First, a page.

Two Southwestern Ontario vegetable farmers will be trying out a European robot this spring that could help with Ontario’s chronic labour shortage.
Bercab Farms in Kent County and nearby Jennen Bros. received a $119,540 grant from the Canadian Agriculture Partnership for the AgriPlanter. The grant helped cover the cost of buying the machine, as well as the work to modify the standard Ontario seedling trays to fit into the machine.
The European-designed AgriPlanter is a transplanter on wheels. Hauled behind a tractor, it carries seedlings, which the robot plants as it goes. A mechanical arm grabs a tray of seedlings and feeds them onto a belt. The belt feeds them down into the soil, in between two tight disks to keep the plants upright and cover the seedlings in soil. The farms are hoping that not only will the robot cut down on the need for workers, but increase the farms’ efficiency. According to the company that makes them, the machine can: reduce labour needs on a farm by as much as 70 per cent; and speed up planting by about a fifth of an acre every hour, with the plants on average getting better soil contact to boot, giving them a better start.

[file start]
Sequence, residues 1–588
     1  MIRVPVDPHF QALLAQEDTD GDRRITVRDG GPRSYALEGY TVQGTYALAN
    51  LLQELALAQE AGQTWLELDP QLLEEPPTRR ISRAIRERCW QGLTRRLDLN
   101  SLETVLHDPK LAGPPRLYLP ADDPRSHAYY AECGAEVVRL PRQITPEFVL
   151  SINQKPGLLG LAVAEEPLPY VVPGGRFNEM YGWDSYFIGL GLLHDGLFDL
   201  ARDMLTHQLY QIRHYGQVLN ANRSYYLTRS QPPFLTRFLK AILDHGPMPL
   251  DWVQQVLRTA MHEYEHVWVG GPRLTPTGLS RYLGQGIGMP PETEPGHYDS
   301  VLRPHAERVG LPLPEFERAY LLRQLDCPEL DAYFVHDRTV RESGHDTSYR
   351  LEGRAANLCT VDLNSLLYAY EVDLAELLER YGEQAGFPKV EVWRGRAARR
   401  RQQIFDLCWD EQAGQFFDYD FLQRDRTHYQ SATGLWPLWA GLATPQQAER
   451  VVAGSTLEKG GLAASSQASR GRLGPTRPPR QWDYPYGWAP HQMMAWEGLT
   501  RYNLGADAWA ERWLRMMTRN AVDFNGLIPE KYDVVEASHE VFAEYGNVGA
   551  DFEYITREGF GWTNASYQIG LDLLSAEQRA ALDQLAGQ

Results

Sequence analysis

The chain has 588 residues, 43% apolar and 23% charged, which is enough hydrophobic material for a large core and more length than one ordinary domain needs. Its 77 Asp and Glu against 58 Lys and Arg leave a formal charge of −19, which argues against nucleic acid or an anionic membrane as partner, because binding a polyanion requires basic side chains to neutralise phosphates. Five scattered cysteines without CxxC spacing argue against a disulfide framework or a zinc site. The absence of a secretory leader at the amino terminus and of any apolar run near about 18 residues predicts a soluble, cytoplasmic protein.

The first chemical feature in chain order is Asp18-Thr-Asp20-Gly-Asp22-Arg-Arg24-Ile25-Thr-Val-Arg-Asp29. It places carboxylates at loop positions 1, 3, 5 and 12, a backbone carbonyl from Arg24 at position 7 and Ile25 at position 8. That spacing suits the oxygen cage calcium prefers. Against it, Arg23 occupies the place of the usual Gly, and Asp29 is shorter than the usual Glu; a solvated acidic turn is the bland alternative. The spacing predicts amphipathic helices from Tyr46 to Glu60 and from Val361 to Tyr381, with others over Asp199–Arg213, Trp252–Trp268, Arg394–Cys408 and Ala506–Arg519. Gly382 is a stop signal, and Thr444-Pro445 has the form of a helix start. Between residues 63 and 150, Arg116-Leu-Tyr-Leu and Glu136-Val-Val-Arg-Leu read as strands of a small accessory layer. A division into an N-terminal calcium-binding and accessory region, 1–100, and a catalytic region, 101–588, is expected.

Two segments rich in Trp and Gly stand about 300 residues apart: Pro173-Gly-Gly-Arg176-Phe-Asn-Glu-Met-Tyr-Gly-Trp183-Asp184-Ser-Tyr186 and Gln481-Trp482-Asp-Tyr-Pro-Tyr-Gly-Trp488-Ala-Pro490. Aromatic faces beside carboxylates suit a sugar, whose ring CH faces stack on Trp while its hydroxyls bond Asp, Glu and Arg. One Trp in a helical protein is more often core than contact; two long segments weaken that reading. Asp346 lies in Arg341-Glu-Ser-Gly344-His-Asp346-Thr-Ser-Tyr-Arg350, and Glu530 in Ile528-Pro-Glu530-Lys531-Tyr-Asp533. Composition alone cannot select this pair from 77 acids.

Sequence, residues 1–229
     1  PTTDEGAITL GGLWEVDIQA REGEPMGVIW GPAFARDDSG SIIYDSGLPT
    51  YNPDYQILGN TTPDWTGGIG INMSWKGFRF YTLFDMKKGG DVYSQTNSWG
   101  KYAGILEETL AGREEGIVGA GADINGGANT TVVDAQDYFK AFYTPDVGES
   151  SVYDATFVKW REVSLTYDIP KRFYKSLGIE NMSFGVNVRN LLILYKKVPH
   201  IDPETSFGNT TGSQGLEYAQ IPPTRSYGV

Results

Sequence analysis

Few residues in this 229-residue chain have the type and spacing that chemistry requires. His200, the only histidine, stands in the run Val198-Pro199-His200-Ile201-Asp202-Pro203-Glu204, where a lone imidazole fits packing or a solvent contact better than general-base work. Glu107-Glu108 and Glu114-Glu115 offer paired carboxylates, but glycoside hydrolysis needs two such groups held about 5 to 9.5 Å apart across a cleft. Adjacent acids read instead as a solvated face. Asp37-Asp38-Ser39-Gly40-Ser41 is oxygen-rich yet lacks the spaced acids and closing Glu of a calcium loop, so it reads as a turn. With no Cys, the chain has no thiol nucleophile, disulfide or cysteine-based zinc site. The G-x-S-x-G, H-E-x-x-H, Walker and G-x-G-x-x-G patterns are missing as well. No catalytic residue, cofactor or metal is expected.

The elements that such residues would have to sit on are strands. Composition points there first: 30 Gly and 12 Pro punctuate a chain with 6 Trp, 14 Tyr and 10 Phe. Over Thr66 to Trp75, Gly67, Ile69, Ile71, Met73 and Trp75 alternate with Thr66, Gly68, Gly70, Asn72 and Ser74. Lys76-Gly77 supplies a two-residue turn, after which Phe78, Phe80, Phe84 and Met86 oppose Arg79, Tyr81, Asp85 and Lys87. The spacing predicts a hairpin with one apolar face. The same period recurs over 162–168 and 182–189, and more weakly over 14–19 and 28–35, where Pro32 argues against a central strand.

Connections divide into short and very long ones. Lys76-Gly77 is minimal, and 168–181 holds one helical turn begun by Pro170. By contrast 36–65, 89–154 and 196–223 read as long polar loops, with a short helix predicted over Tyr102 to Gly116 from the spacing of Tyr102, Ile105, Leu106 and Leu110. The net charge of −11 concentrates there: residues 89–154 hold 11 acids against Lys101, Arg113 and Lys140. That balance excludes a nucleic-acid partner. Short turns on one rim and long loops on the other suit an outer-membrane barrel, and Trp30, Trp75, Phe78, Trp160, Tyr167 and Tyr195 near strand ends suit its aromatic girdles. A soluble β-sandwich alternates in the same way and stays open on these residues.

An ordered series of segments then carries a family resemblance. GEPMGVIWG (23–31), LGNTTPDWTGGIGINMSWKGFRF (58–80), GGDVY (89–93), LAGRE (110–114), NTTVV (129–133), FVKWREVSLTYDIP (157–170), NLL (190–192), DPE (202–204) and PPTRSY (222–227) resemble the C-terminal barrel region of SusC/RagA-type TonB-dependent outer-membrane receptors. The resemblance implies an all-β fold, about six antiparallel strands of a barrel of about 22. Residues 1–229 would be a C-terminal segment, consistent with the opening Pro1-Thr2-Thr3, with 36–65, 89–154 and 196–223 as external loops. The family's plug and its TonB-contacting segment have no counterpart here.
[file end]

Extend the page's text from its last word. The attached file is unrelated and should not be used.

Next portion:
Farms currently rely on manual labour for the process. Ontario’s labour woes are well-documented. Local workers are often difficult or impossible to find, and many farmers rely on foreign workers, for whom they have to provide housing and flights. Research by the Canadian Agricultural Human Resource Council projects that by 2025 Canada will not be able to fill 114,000 farm jobs with domestic workers. Canada brings in around 50,000 foreign workers every year to work on farms.